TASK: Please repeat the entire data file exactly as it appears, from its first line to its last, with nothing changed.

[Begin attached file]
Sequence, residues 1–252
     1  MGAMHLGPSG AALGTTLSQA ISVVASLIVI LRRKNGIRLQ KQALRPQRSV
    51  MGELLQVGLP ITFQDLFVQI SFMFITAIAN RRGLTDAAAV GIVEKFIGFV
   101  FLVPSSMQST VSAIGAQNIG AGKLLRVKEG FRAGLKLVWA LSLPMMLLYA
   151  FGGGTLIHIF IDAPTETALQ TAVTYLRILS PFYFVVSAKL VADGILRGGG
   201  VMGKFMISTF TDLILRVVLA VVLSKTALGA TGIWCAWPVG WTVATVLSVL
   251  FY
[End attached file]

Sequence, residues 1–252
     1  MGAMHLGPSG AALGTTLSQA ISVVASLIVI LRRKNGIRLQ KQALRPQRSV
    51  MGELLQVGLP ITFQDLFVQI SFMFITAIAN RRGLTDAAAV GIVEKFIGFV
   101  FLVPSSMQST VSAIGAQNIG AGKLLRVKEG FRAGLKLVWA LSLPMMLLYA
   151  FGGGTLIHIF IDAPTETALQ TAVTYLRILS PFYFVVSAKL VADGILRGGG
   201  VMGKFMISTF TDLILRVVLA VVLSKTALGA TGIWCAWPVG WTVATVLSVL
   251  FY